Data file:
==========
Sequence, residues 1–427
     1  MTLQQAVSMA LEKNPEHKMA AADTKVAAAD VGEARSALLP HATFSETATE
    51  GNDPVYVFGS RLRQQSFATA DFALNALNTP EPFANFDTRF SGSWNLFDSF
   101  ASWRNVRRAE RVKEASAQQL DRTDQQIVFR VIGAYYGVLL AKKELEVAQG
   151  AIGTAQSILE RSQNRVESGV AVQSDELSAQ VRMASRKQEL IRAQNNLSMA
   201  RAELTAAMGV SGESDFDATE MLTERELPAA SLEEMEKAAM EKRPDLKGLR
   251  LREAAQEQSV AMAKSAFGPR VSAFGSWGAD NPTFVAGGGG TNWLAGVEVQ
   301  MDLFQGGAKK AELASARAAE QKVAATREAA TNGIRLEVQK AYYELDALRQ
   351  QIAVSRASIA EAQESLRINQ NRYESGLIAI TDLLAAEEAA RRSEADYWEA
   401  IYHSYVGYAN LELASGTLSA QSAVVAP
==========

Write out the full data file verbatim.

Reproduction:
Sequence, residues 1–427
     1  MTLQQAVSMA LEKNPEHKMA AADTKVAAAD VGEARSALLP HATFSETATE
    51  GNDPVYVFGS RLRQQSFATA DFALNALNTP EPFANFDTRF SGSWNLFDSF
   101  ASWRNVRRAE RVKEASAQQL DRTDQQIVFR VIGAYYGVLL AKKELEVAQG
   151  AIGTAQSILE RSQNRVESGV AVQSDELSAQ VRMASRKQEL IRAQNNLSMA
   201  RAELTAAMGV SGESDFDATE MLTERELPAA SLEEMEKAAM EKRPDLKGLR
   251  LREAAQEQSV AMAKSAFGPR VSAFGSWGAD NPTFVAGGGG TNWLAGVEVQ
   301  MDLFQGGAKK AELASARAAE QKVAATREAA TNGIRLEVQK AYYELDALRQ
   351  QIAVSRASIA EAQESLRINQ NRYESGLIAI TDLLAAEEAA RRSEADYWEA
   401  IYHSYVGYAN LELASGTLSA QSAVVAP